Gene 'Editing' in Dog Study Shows Promise for Kids With Muscular Dystrophy
THURSDAY, Aug. 30, 2018 -- For the first time, scientists report using gene-editing technology to halt the progression of muscular dystrophy in dogs -- suggesting a possible breakthrough for children with a form of the disease.
Reporting in the current issue of Science, researchers describe how they used CRISPR technology to edit a naturally occurring genetic flaw that causes a version of Duchenne muscular dystrophy in dogs. CRISPR is an acronym for a family of DNA sequences.
The gene correction, in turn, triggered what the scientists call an "unprecedented" improvement in the animals' muscle fibers.
The discovery might hold the key to helping children with Duchenne MD, the most common form of muscular dystrophy. MD is a group of incurable genetic disorders that cause progressive muscle degeneration.
Duchenne MD primarily affects boys and usually arises in early childhood. Historically, most boys did not survive beyond their teens, but more are living into their 30s these days, according to the Muscular Dystrophy Association.
Duchenne is caused by a mutation in a gene that produces a critical protein called dystrophin. Without it, muscles throughout the body -- including the heart and diaphragm -- break down over time.
"The only real way to correct this disorder is to get the body to produce functional dystrophin," said Eric Olson, lead researcher on the new study. He's professor and director of University of Texas Southwestern Medical Center's Hamon Center for Regenerative Science.
To do that, researchers have been studying gene therapy. But with Duchenne MD, Olson said, there is a hurdle to replacing the defective gene with a functioning one: its size.
"It's simply too massive to replace," he explained.
So Olson and his team took a different approach. They used CRISPR gene-editing technology to fix the gene defect.
The researchers treated four dogs that carried the most common mutation seen in people with Duchenne MD -- affecting a location on the dystrophin gene called exon 51. They used a harmless virus to deliver CRISPR components to the exon -- which the technology then "edited."
Within weeks, the researchers reported, the missing dystrophin protein was restored in muscle throughout the animals' bodies.
The effects were not uniform. In some muscle, dystrophin was produced at 3 percent of its normal level. But in the heart and diaphragm, the protein was restored to 92 percent and 58 percent of normal, respectively.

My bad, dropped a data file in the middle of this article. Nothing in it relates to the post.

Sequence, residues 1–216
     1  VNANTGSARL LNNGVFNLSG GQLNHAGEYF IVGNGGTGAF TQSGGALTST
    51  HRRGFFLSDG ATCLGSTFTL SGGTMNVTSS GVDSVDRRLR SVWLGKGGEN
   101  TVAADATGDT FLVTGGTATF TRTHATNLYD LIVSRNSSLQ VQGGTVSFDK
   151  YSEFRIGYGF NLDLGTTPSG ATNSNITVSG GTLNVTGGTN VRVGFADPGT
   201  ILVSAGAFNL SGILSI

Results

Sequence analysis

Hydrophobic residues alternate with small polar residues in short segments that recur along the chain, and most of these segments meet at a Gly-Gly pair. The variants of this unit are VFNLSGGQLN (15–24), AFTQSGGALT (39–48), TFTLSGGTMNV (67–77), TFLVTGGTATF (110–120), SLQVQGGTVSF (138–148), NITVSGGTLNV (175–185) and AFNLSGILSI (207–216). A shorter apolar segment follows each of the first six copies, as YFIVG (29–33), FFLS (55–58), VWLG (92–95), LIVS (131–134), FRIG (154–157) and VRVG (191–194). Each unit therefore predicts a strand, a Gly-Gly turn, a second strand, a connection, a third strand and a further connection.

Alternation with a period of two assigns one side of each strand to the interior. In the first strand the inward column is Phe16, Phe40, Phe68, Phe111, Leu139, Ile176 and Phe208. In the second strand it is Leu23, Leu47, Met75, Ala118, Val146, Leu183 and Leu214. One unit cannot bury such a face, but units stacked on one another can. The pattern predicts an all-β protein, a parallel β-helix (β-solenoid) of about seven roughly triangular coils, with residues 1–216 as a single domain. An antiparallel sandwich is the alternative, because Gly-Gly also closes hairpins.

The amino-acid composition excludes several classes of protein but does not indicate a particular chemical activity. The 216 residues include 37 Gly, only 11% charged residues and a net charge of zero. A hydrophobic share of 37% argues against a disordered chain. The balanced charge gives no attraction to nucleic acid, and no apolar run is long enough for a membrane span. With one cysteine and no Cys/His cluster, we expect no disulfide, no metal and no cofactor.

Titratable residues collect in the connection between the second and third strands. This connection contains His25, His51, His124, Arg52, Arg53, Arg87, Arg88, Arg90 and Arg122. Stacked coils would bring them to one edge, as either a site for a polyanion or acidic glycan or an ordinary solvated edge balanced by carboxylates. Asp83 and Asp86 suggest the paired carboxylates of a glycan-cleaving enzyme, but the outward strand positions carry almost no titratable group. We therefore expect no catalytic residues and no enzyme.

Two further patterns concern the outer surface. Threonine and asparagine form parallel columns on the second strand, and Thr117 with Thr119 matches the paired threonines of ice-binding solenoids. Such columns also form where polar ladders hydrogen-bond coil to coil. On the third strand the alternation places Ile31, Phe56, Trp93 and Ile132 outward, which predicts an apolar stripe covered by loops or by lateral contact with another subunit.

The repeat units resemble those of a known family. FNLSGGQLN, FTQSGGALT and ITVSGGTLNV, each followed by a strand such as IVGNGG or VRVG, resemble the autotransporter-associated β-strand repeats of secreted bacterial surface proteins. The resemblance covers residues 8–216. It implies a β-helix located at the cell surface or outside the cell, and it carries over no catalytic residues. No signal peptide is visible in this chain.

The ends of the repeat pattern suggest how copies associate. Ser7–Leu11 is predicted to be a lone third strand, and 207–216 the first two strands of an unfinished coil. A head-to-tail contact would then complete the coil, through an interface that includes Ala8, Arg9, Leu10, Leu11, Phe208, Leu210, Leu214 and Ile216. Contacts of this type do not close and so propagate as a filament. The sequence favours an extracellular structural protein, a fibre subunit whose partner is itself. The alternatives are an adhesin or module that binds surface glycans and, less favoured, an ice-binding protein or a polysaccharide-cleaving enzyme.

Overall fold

The researchers also found evidence of improved integrity in the animals' muscle fibers.
Olson put the increases in dystrophin levels in perspective: There is a drug for Duchenne MD -- called Exondys 51, and approved in the United States in 2016 -- that can be used in a minority of patients who have a mutation in exon 51.
It has been shown to restore less than 1 percent of dystrophin in skeletal muscle after one year, Olson pointed out.
"Here, we saw really dramatic changes -- beyond what we'd hoped for," he said.
The findings are "very encouraging," said Dr. Sajel Lala Kana, a clinical geneticist at Nicklaus Children's Hospital in Miami.
But they are also very early, she pointed out. "This study shows what happens in these animals in the short term," said Kana, who was not involved in the research. "But will this be sustainable over a long period of time?"
Olson agreed that that is a critical question. And then there's the issue of whether the gene editing could have unintended adverse effects.
There are two main theoretical safety concerns, according to Olson: "Are there any off-target effects?" he said. "That is, could this accidentally affect the expression of other genes?"
Another question, Olson said, is whether the immune system will react to the enzyme CRISPR uses to make its gene fixes. So far, there have been no signs of that, the researchers said.
While animal studies frequently don't produce the same results in humans, Olson said these findings can be seen as a promising early step.
"We're working hard on trying to treat the cause of this disease," he said. "With further study in animals, in a few years we may be able to move into human trials."
Kana agreed. "There's a lot of research going on this field," she said. "This is how we'll move toward a cure someday."
In the United States, Duchenne MD affects one in every 3,500 to 6,000 boys born each year, according to the National Institutes of Health. Often, the agency says, there is no family history of the disease; instead, mutations spontaneously occur in the dystrophin gene.
© 2020 HealthDay. All rights reserved.
Posted: August 2018
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